JAZZ/SOUL Gil Scott Heron Edinburgh: Ego, Wed 28 Jun
The Holy Trinity of agit prop jazz soul fusion pioneers is the late great Curtis Mayfield, the sublime spirit of Terry Callier and our man with the cross; the gentle genius that is Gil Scott Heron. Of course Roy Ayres and Jon Lucien are winging it at the right hand side but life truly doesn't get much better than having the privilege of seeing any of these live; like peanut butter and jam sandwiches or the kindness of strangers they are experiences you will never forget. Scott Heron's intimate return to the land of his football heritage (his father known as the 'Black Arrow' had played for Celtic in the 30's) was no exception. If you missed it you truly missed out.
Here courtesy of Canongate Books as part of a publicity drive for his written work this was never going to be the full Amnesia Express experience but the great man seemed happy enough with the pared down set of himself and his long-time percussionist Larry MacDonald.
After shooting the breeze Heron launched into ‘Show Bizness' his rich baritone and chunky rhythms casting a spell over the packed auditorium which few wanted to break. That was until some drunken retard a third back decided to tell Chicago‘s finest that he was shit and later sat on the stage to provoke audience and band alike only to be removed by bouncers. With all the good grace and tolerance in the world, some people do deserve to be at least mildly tortured. Sorry about that Gil. Anyway our poet protector kept things going with a superb spoken word state of the nation jam that had all the student wannabe daddio beatniks in the audience stroking their underchin Fidels like they had ‘Almost Lost Detroit'. Then Gil, having performed his commercial obligation to Canongate, settled back into what he does best — playing the same playlist he's played for the last
Lead weight rumbustious guitar slaughter
Propheting in peace: Gil Scott Heron
fifteen years — I've seen him five times now and its never altered; ‘Save The Children', 'Winter In America', ’Lady Day And John Coltrane’, ’South Carolina', 'The Bottle' they're all here and boy do they sound sweet.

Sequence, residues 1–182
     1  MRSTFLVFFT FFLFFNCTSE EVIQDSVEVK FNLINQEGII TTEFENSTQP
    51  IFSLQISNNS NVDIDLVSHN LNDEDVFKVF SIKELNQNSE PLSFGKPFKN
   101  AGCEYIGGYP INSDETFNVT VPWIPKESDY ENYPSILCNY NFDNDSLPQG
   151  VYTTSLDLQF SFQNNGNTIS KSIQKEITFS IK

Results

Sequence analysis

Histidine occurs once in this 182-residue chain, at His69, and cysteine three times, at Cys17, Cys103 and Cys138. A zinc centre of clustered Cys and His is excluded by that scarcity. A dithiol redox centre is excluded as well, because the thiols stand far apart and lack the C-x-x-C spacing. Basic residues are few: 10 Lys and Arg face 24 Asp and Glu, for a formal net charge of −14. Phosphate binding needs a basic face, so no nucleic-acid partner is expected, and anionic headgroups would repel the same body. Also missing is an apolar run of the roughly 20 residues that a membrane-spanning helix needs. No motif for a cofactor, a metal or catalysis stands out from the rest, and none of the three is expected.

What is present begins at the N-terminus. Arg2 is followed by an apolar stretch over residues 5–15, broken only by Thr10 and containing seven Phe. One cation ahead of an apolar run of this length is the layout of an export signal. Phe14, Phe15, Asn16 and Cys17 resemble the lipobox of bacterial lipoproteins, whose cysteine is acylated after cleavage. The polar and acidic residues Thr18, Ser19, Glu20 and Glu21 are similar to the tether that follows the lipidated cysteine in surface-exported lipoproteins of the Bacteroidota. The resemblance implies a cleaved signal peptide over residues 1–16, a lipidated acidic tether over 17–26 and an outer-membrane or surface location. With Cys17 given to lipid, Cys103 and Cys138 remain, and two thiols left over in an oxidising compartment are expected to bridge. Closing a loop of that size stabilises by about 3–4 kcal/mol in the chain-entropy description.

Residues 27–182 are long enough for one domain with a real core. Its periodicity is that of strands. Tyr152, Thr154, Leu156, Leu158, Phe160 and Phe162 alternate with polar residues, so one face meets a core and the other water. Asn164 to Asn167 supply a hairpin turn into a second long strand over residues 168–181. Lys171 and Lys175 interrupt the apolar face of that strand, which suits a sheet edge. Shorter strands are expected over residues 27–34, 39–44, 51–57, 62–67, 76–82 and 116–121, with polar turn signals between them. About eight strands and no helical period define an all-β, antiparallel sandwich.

MacDonald works miracles with his set up while Heron croons and prunes his oldest tunes to the point of doped out serenity. Wisely though he jokin skates through the lyrics of his most famous tune ‘The Revolution Will Not Be Televised’, a clarion cry to the black underclass in its day it is of little relevance to this mostly Caucasian audience. Heron chooses instead to emphasise themes of love, joy and happiness in breathtaking improvisations around songs like 'Beginnings' and 'Shut ’Um Down’.
As ever, the pavement Prophet was an inspiration and the audience (most of whom cannot have even been born when Gil had his 'Small Talk At 125th & Lenox' in 1970) left with smiles on their faces and warmth in their hearts. Peace. (Paul Dale)
As a frontman, Coxon's shortcomings are apparent, glances at the audience are infrequent, and the scarce banter is self-defended because he is ’concentrating like fuck' Without the constraints of Damon Albai'n's celebrity deathmatch relationships in the way, ('oxon let loose should have made for a display of markedly defiant post-Blur getaway Instead, Coxon's great escape is a dissonant trawl through the lo—fi American post-punk wastelands l-r'om 'Jamie Thomas' l(](il'l)l(‘(i freakoid tribute to Graham's favourite skateboarder. and Tags And f‘tilllll't" imore unsheltered riffor'amal, to a dry cover of Mission Of Burma's 'lhat's When I Reach for My Revolver", Coxon barely displays any indication of his
Graham Coxon Glasgow: Garage, Mon 10 Jul Attempting to childhood dreams is a dangerous guest for Blur geek boy and guitar prodigy, Criahain (oxon, his solo turn involves a \.vild adolescent fantasy to don a pair of contact lenses and play some thrash metal